In the following we give applications of the combination of the operation \(\bmod\) and the addition of integers called clock arithmetic.

Recall that the operation \(\fmod\) yields the remainder of integer division. That is, for an integer \(a\) and a natural number \(b\) the number \(r=a\fmod b\) is the number such that \(a=(q\cdot b)+r\) for some integer \(q\) and \(r\) is a non-negative integer and \(r \lt b\text{.}\)

Applications of the operation \(\bmod\) can be found in arithmetic with hours, days of the week, and months. We start with examples of adding hours and then relate this to using addition and the operation \(\fmod\text{.}\)

Example3.62.12 hour clock.

When using the 12 hour clock we have:

An hour after 11 o’clock it is 12 o’clock.

Two hours after 11 o’clock it is 1 o’clock.

10 hours after 11 o’clock it is 9 o’clock.

20 hours after 11 o’clock it is 7 o’clock.

25 hours after 11 o’clock it is 12 o’clock.

These operations can be considered as adding hours to a time. To compute these additions we add the hours and then subtract \(12\) as many times as necessary to obtain a number between \(1\) and \(12\text{.}\) With a similar method we had computed the remainder in Algorithm 3.6.

The main difference between the two approaches is that using the \(12\) hour clock we obtain numbers between \(1\) and \(12\) and when computing remainders we obtain numbers between \(0\) and \(11\text{.}\) That is, we replace \(12\) by \(0\text{,}\) as shown in Figure 3.61.(a). We call this arithmetic modulo \(12\text{.}\)Figure 3.61.(b) illustrates how the number line wraps around the clock face in arithmetic modulo \(12\text{.}\) The remainder modulo \(12\) of two numbers is the same if they differ by a multiple of \(12\text{.}\)

Example3.63.Addition \(\fmod 12\).

We formulate the computations from Example 3.62 using remainders. Recall that we denoted the remainder of the division of \(a\) by \(12\) by \(a\fmod 12\text{.}\)

\(\displaystyle (11+1)\fmod 12=12\fmod 12=0\)

\(\displaystyle (11+2)\fmod 12=13\fmod 12 =1\)

\(\displaystyle (11+10)\fmod 12=21\fmod 12 =9\)

\(\displaystyle (11+20)\fmod 12=31\fmod 12 =7\)

\(\displaystyle (11+25)\fmod 12=36\fmod 12 =0\)

When the numbers are larger than \(12\) we can simplify our computations by applying Theorem 3.46.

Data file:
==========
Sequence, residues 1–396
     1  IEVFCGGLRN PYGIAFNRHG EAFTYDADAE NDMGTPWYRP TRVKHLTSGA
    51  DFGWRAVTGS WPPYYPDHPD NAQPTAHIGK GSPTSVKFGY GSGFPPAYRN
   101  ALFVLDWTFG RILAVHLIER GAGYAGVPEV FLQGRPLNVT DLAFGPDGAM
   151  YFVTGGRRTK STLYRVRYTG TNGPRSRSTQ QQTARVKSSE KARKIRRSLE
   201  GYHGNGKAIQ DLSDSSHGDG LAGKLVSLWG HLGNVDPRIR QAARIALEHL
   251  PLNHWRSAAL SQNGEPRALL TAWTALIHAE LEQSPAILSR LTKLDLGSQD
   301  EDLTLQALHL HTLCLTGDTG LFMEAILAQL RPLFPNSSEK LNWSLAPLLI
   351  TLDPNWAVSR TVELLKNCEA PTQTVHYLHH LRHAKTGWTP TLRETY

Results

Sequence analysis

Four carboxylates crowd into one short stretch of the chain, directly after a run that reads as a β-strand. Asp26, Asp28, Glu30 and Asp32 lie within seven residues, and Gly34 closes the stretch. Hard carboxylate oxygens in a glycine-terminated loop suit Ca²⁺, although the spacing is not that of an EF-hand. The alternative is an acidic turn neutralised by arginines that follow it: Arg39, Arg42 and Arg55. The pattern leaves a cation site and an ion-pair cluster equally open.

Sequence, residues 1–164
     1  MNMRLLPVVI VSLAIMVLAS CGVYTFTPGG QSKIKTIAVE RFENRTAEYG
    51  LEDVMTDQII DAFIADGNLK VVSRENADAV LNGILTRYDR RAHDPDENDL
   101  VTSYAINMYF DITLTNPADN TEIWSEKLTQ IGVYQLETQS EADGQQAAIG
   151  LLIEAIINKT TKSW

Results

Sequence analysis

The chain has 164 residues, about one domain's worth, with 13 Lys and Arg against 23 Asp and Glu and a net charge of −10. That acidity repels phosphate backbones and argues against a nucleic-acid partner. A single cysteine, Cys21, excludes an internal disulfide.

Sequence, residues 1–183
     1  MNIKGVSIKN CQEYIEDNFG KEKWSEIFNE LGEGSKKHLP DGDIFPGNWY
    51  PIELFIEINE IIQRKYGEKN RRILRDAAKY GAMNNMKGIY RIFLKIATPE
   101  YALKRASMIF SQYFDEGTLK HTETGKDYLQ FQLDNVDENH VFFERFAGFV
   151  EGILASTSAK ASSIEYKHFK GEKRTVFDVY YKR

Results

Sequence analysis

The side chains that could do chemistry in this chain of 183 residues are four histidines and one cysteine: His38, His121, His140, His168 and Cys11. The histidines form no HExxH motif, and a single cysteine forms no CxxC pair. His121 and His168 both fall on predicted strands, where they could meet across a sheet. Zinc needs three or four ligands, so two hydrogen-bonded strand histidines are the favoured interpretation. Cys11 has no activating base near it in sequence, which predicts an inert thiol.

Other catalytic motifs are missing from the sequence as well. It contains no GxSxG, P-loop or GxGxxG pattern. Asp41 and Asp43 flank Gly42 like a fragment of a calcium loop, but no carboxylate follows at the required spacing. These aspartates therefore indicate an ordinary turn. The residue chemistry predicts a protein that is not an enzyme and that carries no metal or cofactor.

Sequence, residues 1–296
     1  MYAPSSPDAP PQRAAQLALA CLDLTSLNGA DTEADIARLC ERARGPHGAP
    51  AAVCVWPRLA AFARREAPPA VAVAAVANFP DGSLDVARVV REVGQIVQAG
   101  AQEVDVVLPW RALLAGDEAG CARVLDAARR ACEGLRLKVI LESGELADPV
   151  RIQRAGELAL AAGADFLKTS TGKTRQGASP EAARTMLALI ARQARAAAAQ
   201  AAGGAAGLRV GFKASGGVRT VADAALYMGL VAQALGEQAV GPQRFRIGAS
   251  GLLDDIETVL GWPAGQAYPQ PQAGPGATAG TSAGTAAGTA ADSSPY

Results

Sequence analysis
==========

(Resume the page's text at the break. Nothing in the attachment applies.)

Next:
Example3.64.Addition \(\fmod 12\).

By Theorem 3.46 that we can add first or take the remainder first, and we will get the same answer, so in Item 4 and Item 5 above, we could have done the following:

We use the 12 hour clock. Assume it is 8 o’clock. What time will it be 49 hours from now ?

select

12 o’clock

1 o’clock

2 o’clock

3 o’clock

4 o’clock

5 o’clock

6 o’clock

7 o’clock

8 o’clock

9 o’clock

10 o’clock

11 o’clock

Everything we have done for hours above also works for other counts that wrap around. For example, when answering questions about weekdays we compute \(\fmod 7\text{.}\)

Problem3.67.\(110\) days from Friday.

Which day of the week is it in 110 days from today if today is Friday ?

Solution.

The days of the week wrap around after seven days. When adding days and we want the result as a weekday, any multiples of 7 do not change the day of the week. Instead of adding 110 days we add \(110\fmod 7=5\) days. So 110 days after Friday is the same day of the week as 5 days after Friday, namely Wednesday.

If today is Thursday. What day will it be 58 days from now?

select

Monday

Tuesday

Wednesday

Thursday

Friday

Saturday

Sunday

Similarly we can answer question about months. As there are \(12\) months in a year we compute \(\fmod 12\text{.}\)

Problem3.69.\(721\) months from November.

Which month is it \(721\) months from now if this month is November?

Solution.

Months wrap around after \(12\) months. We have \(721\fmod 12=1\text{.}\) Since December is one month after November, \(721\) months from now, it will be December.